According to the Connecticut Department of Public Health, falls are the leading cause of accidental injury for people age 55 and older, despite the fact that they are a preventable health problem. Individuals who have had changes in balance or a decline in physical mobility, those with a chronic illness or visual impairments, hearing deficits or foot problems, and those taking more than four prescription medications are at increased risk.

VNA Community Healthcare & Hospice offers Steady Steps, an award-winning fall risk reduction program, to help reduce the incidence and negative impacts of falls. Of our participants, 85 percent lower their risk of falls, improve balance and learn how to prevent falls from occurring.

The program, which is funded by a grant from and based on research by the experts from the Connecticut Collaboration for Fall Prevention and the Yale School of Medicine through the Department of Aging, is led by a team of nurses, physical therapists and certified instructors.

It includes screenings in the home or community setting, assessment of risks for falls and development of a personalized plan, assessment of home safety hazards, a balance assessment and blood pressure evaluation along with a medication review, and the teaching of simple balance exercises.

When it comes to avoiding falls, there are some simple steps everyone can take.

Dress for success

Cute shoes may be calling, but one of the most important things to do to prevent a fall is to wear the right footwear for your environment. Make sure to consider the conditions of where you’re headed and how much walking you’ll be doing when selecting shoes. Slip-resistant shoes can be helpful, but at a minimum make sure your shoes are broken in to reduce the slippery nature of the soles. You can do this by scuffing the soles on concrete before wearing them. Even around the house, make sure the soles of slippers are rough and don’t walk around on wood or tile floors in socks.

Hit the lights

Make sure when you are working or navigating a new environment that the lighting is appropriate, and take care when getting out of bed at night for a trip to the bathroom or kitchen. Adequate lighting helps you to see objects in your path and to avoid missteps that can lead to slips and falls.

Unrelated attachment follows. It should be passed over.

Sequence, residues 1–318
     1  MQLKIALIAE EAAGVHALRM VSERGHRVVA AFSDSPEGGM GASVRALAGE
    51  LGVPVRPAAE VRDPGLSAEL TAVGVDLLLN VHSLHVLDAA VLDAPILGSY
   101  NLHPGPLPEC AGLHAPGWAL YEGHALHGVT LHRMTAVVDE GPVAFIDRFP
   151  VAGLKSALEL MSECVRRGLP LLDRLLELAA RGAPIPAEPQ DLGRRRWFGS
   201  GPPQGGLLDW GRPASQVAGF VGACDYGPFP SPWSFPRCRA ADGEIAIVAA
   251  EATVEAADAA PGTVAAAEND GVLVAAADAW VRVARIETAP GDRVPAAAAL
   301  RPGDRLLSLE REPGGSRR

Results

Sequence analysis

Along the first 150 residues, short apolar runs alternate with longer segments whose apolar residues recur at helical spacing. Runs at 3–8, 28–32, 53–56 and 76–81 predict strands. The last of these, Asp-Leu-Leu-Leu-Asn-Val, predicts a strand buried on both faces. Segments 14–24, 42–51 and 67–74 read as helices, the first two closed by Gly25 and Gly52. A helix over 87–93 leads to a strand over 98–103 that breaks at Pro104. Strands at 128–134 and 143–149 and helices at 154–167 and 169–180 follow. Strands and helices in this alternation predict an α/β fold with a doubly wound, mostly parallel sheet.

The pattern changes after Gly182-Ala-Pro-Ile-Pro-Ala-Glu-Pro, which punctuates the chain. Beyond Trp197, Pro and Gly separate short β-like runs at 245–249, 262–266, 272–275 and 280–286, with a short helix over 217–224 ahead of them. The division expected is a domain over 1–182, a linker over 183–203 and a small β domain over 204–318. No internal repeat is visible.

Know your surroundings and announce yourself

We’ve all tried at some point to be a master of maneuvering – to sidestep through that tight space carrying something in our hands – but the best way to be safe is to be sure you have plenty of visibility and a path to move through while walking. It can also be helpful to announce yourself when in a shared or public space. Open doors slowly and tell others when you’re moving around them but are outside their line of sight, for example walking behind them.

Focus on fitness

Staying flexible and agile can help you to avoid falls, or minimize the impact if a fall takes place. As part of its Steady Steps program, VNA Community Healthcare & Hospice offers programs tailored to participant’s fitness and ability level including sitercize, Exercise for Better Balance and Tai Ji Quan: Moving for Better Balance®, all of which can help reduce the risk for falls.

For more information on dates and times of Steady Steps programming, visit vnacommunityhealthcare.org/calendar.

Managing Pain

How well do you understand Palliative Care?

September is Pain Management Month, a good time to consider how important pain management is in the lives of those living with a chronic illness.

At VNA Community Healthcare & Hospice, we offer a palliative care program focused on quality of life that is beneficial for anyone suffering from side effects of curative treatments or simply those in need of pain or symptom management.

Common misconceptions about palliative care include that a person must be in the hospital to receive it or that pain and suffering is just part of a chronic illness.

Palliative care is aimed at controlling symptoms so patients are more comfortable and able to stay out of the hospital. It is helpful to those struggling to cope as an illness progresses and those suffering from a variety of causes of discomfort and pain.

Shortness of breath, the inability to move around freely, loss of appetite and nausea, confusion about one’s treatment plan or worry about the future, and a loss of interest in hobbies that comes with depression or frustration resulting from an illness are all things causes of discomfort and pain that palliative care can help improve.

Palliative care teams include registered nurses, home health aides, spiritual counselors, social workers and rehabilitation therapists.

Pain does not have to be accepted as part of chronic illness, nor is it always part of dying once an illness progresses. There are many ways pain can be managed. In addition to providing symptom control medically, our program can help lower stress on patients and families, which aids the process of getting pain under control.

Many confuse palliative care with hospice care, and believe that they must be dying or end their curative treatment to receive a palliative care referral.

Palliative care can be engaged at any point during an illness and is not the same as hospice care. Unlike with hospice services, patients receiving palliative care can continue curative treatments and do not need to be considered terminally ill.

Engaging palliative care does not mean you will die sooner, it simply means you will continue to live with the support of trained professionals who can help ensure you have the best quality of life possible.